GAINESVILLE — Derek Dooley took over Tennessee football in January fully aware of the daunting task he faced in trying to rebuild the storied program.
He is Tennessee's third head coach in three seasons. He was hired after one of the most controversial coaches in the nation, Lane Kiffin, jumped ship after one season. The Vols were 36-27 in the previous five seasons.
With the fan base still divided over the dismissal of longtime coach Phillip Fulmer and reeling from the tumultuous year with Kiffin, Dooley has spent the past nine months trying to galvanize the fans yet prepare them for the tough road ahead.
"I think Derek's doing a good job; he's doing what he has to do … " said Fulmer, now a studio analyst with CBS. "I mean, you're looking at a potentially long-term problem, certainly with all the transition that the program has been through in the last couple of years from me to Kiffin. A good number of players have left the program.
"I think as a general attitude, I know my last few years if you talked about only winning nine, it was an act of terror. And now they are pushing and hoping to win six to get into a bowl game some way. So he's got a lot of challenges around him, internal and otherwise. People need to give him time and need to support him."
Now two games into Dooley's first season, Tennessee is 1-1 and coming off a 48-13 loss to Oregon on Saturday at home. As the Vols prepare to host Florida on Saturday in the SEC opener for both, Dooley said this week that he's starting to recognize more and more that turning things around will be as much about changing a mind-set and culture as it is finding the most talented players.
"I think it's a little bit of a sociological issue," he said. "I think more than ever before we are in such a results-oriented world that children are groomed from the beginning about winning and losing and not competing. I think it's something that they all want success and they all want this personal gratification, and they lose sight of what it takes to get that. … I think it's a generational thing, and it's important that we teach them the importance of process and that you get your satisfaction from the investment you put into something."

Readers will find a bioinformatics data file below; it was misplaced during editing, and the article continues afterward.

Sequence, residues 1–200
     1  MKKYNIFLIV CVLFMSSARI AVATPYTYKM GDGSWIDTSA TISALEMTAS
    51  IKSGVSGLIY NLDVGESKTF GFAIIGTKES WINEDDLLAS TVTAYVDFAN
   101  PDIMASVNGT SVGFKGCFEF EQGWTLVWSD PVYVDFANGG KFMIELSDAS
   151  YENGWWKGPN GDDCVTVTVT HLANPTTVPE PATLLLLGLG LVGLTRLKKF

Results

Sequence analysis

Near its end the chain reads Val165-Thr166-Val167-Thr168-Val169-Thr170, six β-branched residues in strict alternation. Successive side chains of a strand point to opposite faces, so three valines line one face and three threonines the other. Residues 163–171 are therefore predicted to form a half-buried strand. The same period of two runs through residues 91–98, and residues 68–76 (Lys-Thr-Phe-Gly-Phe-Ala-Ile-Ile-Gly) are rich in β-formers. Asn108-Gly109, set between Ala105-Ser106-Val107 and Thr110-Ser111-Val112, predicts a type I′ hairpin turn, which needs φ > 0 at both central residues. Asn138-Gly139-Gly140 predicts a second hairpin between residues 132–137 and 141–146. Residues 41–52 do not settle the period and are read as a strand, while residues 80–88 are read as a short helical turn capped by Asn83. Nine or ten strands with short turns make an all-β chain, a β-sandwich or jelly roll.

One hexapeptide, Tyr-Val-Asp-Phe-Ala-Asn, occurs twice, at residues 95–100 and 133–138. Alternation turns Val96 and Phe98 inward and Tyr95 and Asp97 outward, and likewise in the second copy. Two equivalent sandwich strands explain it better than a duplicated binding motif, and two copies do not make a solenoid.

Dooley, 42, spent the previous three years at his only head coaching job, Louisiana Tech, where he compiled a 17-20 record.
But the son of former longtime Georgia coach Vince Dooley spent his formative coaching years with some of the game's best, including his father and Alabama's Nick Saban, yet he insists he's different.
"I just model myself after who I am," he said. "I don't really look at other coaches and say that's who I want to be like. I wasn't trying to be like our predecessor."
Those who know him well have no doubt he can make things right in Knoxville. With time.
"Derek's a fine young coach," Saban said. "He was on our staff for seven years (LSU and Miami Dolphins). He did a wonderful job. He's a very good recruiter, very personable. He's probably one of the most organized guys that we've ever had on our staff. He made an outstanding contribution in every way, and he understands the big picture.
"You're talking about someone who's been around football all his life. … His mother, Barbara, tells stories about Derek watching film when he was 5 years old. So I think sometimes that kind of experience helps you see the big picture. I think he's going to do an outstanding job. I just hope the people are positive and supportive. They need to know that's a big part of being successful."
Antonya English can be reached at email@example.com. Check her blog at tampabay.com/blogs/gators.